Stafford Police: Fewer Traffic Accidents in 2018

Chief Highlights Programs for Community Welfare
By Victoria Ford | Oct 22, 2019
Courtesy of: Stafford Township Police Department Stafford Police Chief Thomas Dellane

Stafford — Stafford Police Chief Thomas Dellane presented the department’s annual report at the Oct. 15 meeting of the mayor and council. Annual reporting since 2017 provides an overview of how tax dollars are spent, community initiatives, crime statistics and more. The public can view the document at staffordpolice.org.

Dellane reminded the governing body and the public that the police is the only municipal department that operates every day of the year around the clock, which is why it consumes more municipal budget resources than any other.

In 2018, the department answered about 30,000 calls for service – down from 32,000 in 2017. Of 12,649 traffic stops, officers issued 3,993 summonses. The department’s aggressive stance on traffic enforcement decreases motor vehicle accidents and fatalities, Dellane said. In the last four years, accidents have trended downward, which is especially noteworthy given the profusion of ongoing and new construction projects. Police responded to 1,037 motor vehicle accidents in 2018.

Other department highlights include its robust and above-and-beyond training programs, totaling 14,260 hours last year.

To be as active as it is, Dellane said, the department tries to anticipate pitfalls and areas of liability, to address them before they become a problem; to take proactive measures to improve delivery of services; and to attempt to mitigate any civil liability against the department and the township.

Dellane said the amount of time police spend on calls has increased by over four minutes per call in the last three years, which he attributes in part to increased state regulation (and associated paperwork) that emphasizes de-escalation, working through problems and prioritizing behavorial health – for example, using the Ontario Domestic Assault Risk Assessment – and the attorney general’s office overdose mapping to identify trends within the opioid crisis. The new framework is more time-consuming but worthwhile, he said.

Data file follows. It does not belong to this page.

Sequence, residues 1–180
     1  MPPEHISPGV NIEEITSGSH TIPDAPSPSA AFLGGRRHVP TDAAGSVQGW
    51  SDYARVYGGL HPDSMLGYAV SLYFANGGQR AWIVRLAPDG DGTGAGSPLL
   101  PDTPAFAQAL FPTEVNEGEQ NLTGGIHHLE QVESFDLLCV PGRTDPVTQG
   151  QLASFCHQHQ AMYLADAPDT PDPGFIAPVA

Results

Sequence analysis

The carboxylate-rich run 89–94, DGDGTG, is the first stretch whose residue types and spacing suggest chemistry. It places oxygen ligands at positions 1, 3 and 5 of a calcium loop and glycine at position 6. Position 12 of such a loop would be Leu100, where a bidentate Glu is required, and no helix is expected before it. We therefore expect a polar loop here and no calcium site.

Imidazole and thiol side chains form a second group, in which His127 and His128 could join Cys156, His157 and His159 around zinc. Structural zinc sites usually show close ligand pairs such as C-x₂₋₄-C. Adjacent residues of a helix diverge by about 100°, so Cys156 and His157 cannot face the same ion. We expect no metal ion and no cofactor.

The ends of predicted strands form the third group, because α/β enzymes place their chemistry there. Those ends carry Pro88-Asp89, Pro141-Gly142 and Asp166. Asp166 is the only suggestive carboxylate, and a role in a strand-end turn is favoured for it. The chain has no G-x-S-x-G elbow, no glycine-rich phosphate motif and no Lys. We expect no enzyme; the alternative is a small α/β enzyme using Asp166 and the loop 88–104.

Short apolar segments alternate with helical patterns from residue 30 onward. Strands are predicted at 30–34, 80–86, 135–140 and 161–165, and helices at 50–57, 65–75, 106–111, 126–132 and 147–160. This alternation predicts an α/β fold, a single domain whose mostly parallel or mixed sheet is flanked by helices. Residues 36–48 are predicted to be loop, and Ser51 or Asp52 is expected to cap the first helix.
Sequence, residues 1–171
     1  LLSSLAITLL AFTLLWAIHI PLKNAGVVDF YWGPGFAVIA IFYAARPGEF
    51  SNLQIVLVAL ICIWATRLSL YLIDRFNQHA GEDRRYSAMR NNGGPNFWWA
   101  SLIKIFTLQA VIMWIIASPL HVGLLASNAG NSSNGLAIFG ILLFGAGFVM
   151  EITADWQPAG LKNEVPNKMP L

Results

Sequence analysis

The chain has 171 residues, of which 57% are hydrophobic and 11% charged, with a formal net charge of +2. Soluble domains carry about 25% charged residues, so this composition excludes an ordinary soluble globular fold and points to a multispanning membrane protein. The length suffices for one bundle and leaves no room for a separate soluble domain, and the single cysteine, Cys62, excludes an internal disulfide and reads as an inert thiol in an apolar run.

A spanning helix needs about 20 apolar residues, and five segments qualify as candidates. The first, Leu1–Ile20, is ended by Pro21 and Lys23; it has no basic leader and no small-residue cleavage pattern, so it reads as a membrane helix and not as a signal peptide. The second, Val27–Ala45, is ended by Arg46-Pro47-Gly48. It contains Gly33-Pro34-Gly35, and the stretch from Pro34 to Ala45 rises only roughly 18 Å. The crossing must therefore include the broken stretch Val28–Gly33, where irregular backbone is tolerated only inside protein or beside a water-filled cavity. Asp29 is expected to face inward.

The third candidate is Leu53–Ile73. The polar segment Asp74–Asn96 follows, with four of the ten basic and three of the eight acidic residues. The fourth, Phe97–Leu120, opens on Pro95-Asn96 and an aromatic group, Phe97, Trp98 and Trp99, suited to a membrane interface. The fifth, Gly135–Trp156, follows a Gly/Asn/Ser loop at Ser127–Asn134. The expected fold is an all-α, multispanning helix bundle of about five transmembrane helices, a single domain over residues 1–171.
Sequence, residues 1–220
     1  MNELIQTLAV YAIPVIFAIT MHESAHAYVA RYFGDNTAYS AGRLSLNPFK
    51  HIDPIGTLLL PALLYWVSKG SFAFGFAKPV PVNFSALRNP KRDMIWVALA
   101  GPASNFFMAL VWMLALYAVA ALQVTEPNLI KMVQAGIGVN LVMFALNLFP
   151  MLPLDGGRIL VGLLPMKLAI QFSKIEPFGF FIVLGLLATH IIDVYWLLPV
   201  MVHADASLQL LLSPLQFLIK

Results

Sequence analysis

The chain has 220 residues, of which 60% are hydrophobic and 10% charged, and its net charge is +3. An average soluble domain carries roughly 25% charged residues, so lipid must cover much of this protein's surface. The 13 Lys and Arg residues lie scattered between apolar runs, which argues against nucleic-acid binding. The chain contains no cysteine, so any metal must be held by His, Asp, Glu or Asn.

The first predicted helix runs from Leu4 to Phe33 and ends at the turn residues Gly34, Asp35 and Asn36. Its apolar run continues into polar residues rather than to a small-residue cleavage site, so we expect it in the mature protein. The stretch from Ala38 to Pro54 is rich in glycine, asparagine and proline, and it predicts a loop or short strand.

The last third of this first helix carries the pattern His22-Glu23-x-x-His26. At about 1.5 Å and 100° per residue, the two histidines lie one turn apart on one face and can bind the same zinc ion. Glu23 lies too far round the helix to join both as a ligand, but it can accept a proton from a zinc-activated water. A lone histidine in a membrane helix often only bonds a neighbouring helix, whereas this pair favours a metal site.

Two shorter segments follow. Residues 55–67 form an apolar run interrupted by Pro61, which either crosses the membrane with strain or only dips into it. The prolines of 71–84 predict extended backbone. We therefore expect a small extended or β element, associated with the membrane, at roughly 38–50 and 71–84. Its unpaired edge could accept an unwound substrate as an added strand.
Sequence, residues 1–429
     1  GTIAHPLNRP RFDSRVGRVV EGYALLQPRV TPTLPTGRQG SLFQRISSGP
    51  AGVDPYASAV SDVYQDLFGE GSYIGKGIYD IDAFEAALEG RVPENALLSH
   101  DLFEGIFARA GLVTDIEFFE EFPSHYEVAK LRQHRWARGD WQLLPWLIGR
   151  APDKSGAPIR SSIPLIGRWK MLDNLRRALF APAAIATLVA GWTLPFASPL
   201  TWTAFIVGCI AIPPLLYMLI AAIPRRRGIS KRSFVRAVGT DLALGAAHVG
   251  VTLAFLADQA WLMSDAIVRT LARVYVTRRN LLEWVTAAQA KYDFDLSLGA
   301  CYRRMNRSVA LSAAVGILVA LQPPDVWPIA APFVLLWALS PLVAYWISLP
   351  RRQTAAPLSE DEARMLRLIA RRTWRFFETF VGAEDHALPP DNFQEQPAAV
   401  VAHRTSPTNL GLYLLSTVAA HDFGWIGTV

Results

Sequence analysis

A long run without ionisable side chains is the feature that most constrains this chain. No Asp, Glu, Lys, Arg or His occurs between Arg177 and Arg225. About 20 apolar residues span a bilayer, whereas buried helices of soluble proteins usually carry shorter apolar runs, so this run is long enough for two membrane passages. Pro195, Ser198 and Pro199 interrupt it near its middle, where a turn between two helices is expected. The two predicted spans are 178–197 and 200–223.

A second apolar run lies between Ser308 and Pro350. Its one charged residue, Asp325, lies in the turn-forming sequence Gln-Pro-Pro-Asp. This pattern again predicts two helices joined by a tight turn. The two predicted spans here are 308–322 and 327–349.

“The focus in law enforcement has changed dramatically in the last 10 years,” he said.

The Stafford Police Department is proud of its numerous community initiatives that put the residents’ welfare first, namely:

OnPOINT, which brings a licensed clinical social worker from Ocean Mental Health Services into the department two days a week. The OnPOINT program is designed to address the town’s unmet needs in the areas of social services, mental health and substance abuse. Stafford was the first in the state in 2016 to integrate OnPOINT, which has since expanded into Little Egg Harbor Township.

“It’s one of the best things I’ve seen,” Dellane said. The initiative has saved lives, improved quality of life for individuals and their families, and reduced the need for police services, he pointed out. Certain individuals who used to drain police hours and resources are now being handled differently, freeing up officers to tend to other matters.

The Internet Safe Exchange program was established for people to meet up to buy and sell goods at a designated spot in the municipal parking lot.

Blue HART (Heroin Addiction Response Team), in conjunction with the Ocean County Prosecutor’s Office, allows offenders to turn themselves in and submit to treatment to avoid drug charges or jail.

The Youth Police Academy is a popular summer program that simulates real police academy training for youngsters with an interest in law enforcement.

The Medicine Drop Box, located in the lobby of town hall, is available for the safe disposal of unused, expired or unneeded medications to keep them out of the wrong hands.

The Special Needs Registry allows residents to sign up to alert police to household members with special needs such as a wheelchair, a child with autism or a veteran with post-traumatic stress.

Stafford Cares is a brand new program the department is about to roll out in a month or two, for older residents with mobility issues. Those on the list would be given a lock box for the front door, so in the event police are called to the house, they can get in without forcing entry.

–Victoria Ford

victoria@thesandpaper.net

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